Part 1

Part 2

Part 3

Part 4

Part 5

Part 6

I'm back, baby! I'm so excited to be continuing this series!

In Part 4 we talked about harnessing the power of community by setting you up in the right communities and having ways for people to reach you: a social media presence, an author website, and a mailing list/newsletter. But if you think that’s where the power of community ends... you can think again! I’ll explain.

So, now that you have a website, making you easy to find, and have a mailing list for those who aren’t on social media, and a proper, professional social media presence. You also have your book written, edited, proofread and formatted. Your cover is also ready to go and everything is neat and tiny in an epub file. You are SO CLOSE!

But hold on your horses... don’t try to jump the gun. Don’t hurry. This is your debut. Take your time and make sure you’re doing it all properly.

Hopefully by now, you’ve understood how important community really is. Reading is a solitary experience, sure, but humans are social beings and we like to talk about the things we enjoy. The dawn of social media means any individual in their basement can be a book reviewer and/or critic. All they need is a social media page. And yes, one small reviewer doesn’t hold much weight, but dozens or hundreds of them do.

But why send your book to people in the first place before the book is even out? Well, first of all, this is what we call Advanced Reader Copies (ARCs). And you’d be sending out ARCs for the same reason traditional publishers do: to entice pre-orders, to generate buzz around your book and get some esrly reviews. The more buzz you get and positive early reviews your book gets, the more chances you will have that more people will pick it up, read it, and review it in a snowball effect that will hopefully kickstart you well onto your official release day with some momentum behind you already.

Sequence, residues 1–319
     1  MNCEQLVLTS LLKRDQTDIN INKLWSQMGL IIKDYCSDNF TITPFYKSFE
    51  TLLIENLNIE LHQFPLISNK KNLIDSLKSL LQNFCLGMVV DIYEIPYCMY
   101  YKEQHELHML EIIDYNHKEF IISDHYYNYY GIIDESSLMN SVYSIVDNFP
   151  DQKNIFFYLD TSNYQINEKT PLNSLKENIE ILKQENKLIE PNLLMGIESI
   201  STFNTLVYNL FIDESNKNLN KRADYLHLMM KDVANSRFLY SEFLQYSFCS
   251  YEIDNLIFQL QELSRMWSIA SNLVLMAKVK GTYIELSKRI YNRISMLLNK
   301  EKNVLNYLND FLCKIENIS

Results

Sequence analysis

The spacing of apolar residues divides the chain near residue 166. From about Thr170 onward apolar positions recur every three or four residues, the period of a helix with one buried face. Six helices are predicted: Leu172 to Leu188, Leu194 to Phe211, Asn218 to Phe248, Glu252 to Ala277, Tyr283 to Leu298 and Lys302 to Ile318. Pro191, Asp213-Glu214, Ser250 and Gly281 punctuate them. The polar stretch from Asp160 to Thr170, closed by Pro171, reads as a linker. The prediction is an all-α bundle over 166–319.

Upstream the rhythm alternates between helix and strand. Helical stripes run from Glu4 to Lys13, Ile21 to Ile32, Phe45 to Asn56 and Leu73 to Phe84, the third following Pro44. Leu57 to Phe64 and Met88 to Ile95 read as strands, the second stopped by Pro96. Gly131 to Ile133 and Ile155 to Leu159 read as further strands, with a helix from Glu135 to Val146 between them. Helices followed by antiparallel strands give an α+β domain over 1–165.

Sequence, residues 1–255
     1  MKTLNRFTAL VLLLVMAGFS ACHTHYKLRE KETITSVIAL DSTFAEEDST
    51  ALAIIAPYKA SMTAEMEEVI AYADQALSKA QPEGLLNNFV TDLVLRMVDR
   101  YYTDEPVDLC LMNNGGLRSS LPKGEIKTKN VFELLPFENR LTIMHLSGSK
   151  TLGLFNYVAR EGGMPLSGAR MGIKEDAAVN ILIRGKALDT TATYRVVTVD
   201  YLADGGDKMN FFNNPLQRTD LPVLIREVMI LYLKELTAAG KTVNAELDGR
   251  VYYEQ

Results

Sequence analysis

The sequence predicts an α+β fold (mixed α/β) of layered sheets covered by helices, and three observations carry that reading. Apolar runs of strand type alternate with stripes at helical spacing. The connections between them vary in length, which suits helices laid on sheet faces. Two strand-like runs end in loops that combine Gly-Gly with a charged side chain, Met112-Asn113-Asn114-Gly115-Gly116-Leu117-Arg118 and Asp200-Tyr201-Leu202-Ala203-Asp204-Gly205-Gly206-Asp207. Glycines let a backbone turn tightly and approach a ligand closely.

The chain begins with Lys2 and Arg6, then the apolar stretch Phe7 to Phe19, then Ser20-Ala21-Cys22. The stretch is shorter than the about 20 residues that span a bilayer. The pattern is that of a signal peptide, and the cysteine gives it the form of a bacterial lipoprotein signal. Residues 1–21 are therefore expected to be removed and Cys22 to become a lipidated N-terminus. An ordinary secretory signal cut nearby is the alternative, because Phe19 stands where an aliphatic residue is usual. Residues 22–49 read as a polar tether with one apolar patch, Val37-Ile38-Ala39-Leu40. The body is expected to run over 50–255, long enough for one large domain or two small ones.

You’d think the most effective way of marketing your book would be to send ARCs to newspapers who have professional critics, then, no? No! Those poor journalists are already flooded by the traditional publishers with hundreds of books a year, and they can’t possibly keep up. You can try them, sure, but your likelihood of success is low, and I think it’s better to focus your time and effort into something that is more likely to yield results. You’re a self-publisher, so you cannot compete with the budget and the notoriety of traditional publishers. Don’t even bother trying to do it while releasing your first ever novel. If you are going to do it anyway... don't say I didn't warn you.

A much, much better approach is to embrace the indie community as your new-found family. And by that, I mean approaching influencers and book reviewers that are very, very neatly included in your exact target audience. Best of all? It’s hard work finding them, but it doesn’t cost a thing.

Determining your target audience

You want your book to be read, right? But you’re a debut author! Chances are, no one has heard of you yet, as active as you SHOULD be in the community you write for.

No one knows if you’re a good writer yet. You have no ‘street cred’. You may not need the validation of traditional publishers to thrive, you need the validation of the community, and the community looks up to its influencers and community members.

But the community has so many people, and there are also so many communities. It’s all so confusing. How do I know who to approach?

You start by defining who your target audience is.

If you’re writing romance, your target audience is ‘romance readers’. Ok. That’s a start. But let’s go deeper. Let’s say your book is a Paranormal Romance. That narrows it down even further because only a few Romance readers like to read Paranormal Romance. So, let’s dig in even deeper. Let’s say you write Smutty Paranormal Romance. Oof, nice! That narrows it down even further, since obviously not all readers of Paranormal Romance like their books steamy and smutty. You’ve got yourself a niche audience here. Now you just need to know how to find them. Needless to say you need to know exactly what genre, subgenre and niche your book is.

Finding the ‘thought’ leaders of that audience

When I was starting to figure out who to approach about my book, I was already a pretty active member of the community. And by ‘community’ here, I mean I was already following and being followed by other writers, authors, instagrammers, book reviewers and youtubers who read and/or write in my particular niche: epic fantasy for adults.